Initially, before coming to Zanzibar I had decided to wear the bui-bui and cover my head in order to blend in and respect local culture. But last summer a professor advised me that it is better not to, because the assumption will be that I am a local Muslim woman. He told me that in a circumstance in which I am behaving appropriately for a foreigner, but not for a local woman, the assumption would work against me. My experience here has certainly been a cultural balancing act at times. It took me three months to realize that saying hello in response to every man on the street that says something to me is not at all necessary. At home, I am accustomed to greeting people with a smile, even strangers. I came here to Zanzibar proudly wearing my Rotary Ambassadorial Scholar badge upon my chest, eager to represent my Rotary district and the U.S. So, I beamed at everyone, wished them a good day, and was then surprised and disappointed when what I often received in return were sleazy comments. Weeks later, I was told by my dear friend Auntie Sharifa that it is not impolite to ignore the vast majority of strangers, and that to them a girl is cheap if she actually responds. Call me naive, but I was shocked and upset by what Auntie Sharifa told me because it ran contrary to all that I knew previously about traditional Zanzibari culture. Back in the U.S. I was under the impression that it is only proper to spend a minimum five of minutes to greet everyone and take the time to inquire about their health, family, and work. While this is true to some extent, I think it took me entirely too long to figure out that not everyone I passed by was being friendly.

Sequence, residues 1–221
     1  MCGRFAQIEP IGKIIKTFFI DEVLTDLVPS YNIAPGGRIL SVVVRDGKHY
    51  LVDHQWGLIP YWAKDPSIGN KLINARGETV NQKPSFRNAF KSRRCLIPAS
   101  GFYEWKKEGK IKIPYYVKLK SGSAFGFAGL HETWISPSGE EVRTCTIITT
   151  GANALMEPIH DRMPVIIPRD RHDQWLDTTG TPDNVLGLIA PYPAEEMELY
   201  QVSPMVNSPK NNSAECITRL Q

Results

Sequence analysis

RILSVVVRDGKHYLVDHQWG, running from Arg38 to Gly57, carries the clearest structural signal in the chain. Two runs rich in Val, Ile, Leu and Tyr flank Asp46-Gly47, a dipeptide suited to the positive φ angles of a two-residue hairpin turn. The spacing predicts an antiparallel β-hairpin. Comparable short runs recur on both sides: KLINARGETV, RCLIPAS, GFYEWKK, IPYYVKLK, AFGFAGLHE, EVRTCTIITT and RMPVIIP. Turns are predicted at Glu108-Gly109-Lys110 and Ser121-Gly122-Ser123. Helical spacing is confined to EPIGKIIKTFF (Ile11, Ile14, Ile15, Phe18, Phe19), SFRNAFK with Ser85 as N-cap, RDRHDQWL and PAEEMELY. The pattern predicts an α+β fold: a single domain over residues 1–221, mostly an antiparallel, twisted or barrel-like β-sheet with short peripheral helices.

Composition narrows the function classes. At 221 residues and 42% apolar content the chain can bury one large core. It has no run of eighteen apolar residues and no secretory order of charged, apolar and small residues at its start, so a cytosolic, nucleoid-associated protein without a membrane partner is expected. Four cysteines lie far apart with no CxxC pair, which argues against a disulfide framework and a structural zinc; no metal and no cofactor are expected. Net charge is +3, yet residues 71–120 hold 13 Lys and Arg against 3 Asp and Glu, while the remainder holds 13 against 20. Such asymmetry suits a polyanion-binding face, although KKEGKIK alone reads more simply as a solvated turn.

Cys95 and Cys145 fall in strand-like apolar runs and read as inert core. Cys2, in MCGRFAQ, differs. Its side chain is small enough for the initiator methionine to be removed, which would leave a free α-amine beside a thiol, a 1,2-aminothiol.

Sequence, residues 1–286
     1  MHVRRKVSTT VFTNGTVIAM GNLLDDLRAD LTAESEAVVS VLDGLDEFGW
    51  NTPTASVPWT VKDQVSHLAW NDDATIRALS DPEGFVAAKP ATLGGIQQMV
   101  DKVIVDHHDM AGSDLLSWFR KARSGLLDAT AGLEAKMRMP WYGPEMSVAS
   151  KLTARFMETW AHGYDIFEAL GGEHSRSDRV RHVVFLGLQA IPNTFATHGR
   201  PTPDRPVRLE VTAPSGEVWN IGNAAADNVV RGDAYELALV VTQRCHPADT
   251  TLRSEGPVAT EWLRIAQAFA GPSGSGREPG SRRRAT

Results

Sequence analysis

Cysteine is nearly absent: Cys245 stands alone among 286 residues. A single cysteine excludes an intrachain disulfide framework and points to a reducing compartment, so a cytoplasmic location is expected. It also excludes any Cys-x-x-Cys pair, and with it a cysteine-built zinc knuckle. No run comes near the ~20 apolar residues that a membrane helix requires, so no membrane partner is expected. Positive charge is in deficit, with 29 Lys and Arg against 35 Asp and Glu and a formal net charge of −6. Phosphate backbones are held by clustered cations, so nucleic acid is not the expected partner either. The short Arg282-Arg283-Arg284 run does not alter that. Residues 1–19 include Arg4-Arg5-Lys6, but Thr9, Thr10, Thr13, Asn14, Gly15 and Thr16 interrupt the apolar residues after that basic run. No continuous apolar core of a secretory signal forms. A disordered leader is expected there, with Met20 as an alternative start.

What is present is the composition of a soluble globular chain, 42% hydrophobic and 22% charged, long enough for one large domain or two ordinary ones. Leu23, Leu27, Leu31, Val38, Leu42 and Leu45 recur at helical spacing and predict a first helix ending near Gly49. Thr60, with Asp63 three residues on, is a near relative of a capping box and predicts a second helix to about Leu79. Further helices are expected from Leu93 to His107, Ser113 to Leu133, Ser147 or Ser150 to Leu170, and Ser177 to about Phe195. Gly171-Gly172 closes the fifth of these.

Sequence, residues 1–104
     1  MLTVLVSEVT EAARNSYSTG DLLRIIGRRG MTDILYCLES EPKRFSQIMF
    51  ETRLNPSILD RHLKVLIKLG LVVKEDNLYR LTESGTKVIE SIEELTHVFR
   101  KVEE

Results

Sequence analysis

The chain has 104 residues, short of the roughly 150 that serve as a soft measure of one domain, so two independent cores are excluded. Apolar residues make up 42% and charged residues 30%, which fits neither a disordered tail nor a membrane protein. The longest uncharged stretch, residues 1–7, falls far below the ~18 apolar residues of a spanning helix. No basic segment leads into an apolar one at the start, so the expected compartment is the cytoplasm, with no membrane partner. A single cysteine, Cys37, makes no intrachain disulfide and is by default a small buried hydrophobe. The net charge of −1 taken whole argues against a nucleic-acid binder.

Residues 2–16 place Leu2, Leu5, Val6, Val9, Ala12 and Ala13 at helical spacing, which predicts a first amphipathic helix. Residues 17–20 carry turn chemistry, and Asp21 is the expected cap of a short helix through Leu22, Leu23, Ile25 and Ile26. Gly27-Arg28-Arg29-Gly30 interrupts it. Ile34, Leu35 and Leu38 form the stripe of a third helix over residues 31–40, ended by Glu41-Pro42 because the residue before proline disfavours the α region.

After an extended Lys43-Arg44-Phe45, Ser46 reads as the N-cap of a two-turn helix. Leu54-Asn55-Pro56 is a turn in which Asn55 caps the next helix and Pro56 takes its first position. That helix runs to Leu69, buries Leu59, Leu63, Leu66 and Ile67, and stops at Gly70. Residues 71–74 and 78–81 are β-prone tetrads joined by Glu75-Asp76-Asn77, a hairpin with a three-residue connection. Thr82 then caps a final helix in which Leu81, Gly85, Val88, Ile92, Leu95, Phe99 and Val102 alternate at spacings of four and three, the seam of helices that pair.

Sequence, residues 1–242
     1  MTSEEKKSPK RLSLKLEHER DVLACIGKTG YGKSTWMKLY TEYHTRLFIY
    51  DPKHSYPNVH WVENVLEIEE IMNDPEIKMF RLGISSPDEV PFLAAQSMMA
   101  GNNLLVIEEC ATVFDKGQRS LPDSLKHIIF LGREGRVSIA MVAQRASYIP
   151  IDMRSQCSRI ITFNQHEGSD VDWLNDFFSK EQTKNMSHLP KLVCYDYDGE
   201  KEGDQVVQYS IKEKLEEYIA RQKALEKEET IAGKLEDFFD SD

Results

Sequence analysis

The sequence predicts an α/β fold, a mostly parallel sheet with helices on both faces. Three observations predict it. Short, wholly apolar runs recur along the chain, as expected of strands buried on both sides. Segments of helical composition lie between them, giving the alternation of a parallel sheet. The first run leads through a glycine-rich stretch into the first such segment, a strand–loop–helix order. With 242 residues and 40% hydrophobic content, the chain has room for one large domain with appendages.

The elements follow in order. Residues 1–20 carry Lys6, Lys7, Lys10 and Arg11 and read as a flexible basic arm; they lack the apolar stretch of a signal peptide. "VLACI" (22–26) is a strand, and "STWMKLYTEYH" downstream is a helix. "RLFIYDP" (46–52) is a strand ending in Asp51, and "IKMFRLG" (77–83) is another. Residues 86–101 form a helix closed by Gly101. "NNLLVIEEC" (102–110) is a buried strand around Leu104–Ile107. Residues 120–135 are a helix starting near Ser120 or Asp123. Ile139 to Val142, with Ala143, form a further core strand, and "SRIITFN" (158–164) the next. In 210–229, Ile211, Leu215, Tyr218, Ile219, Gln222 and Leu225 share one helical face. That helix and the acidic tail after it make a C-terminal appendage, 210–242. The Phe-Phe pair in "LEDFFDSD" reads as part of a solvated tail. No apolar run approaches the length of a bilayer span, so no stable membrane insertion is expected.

I am alone here, it’s true. Yet as much as I have struggled, my heart brims with joy. I have seen such compassion, such kindness in this place. I have been in the presence of divine wisdom, the kind of grace that can replace fury with peace by a steady gaze.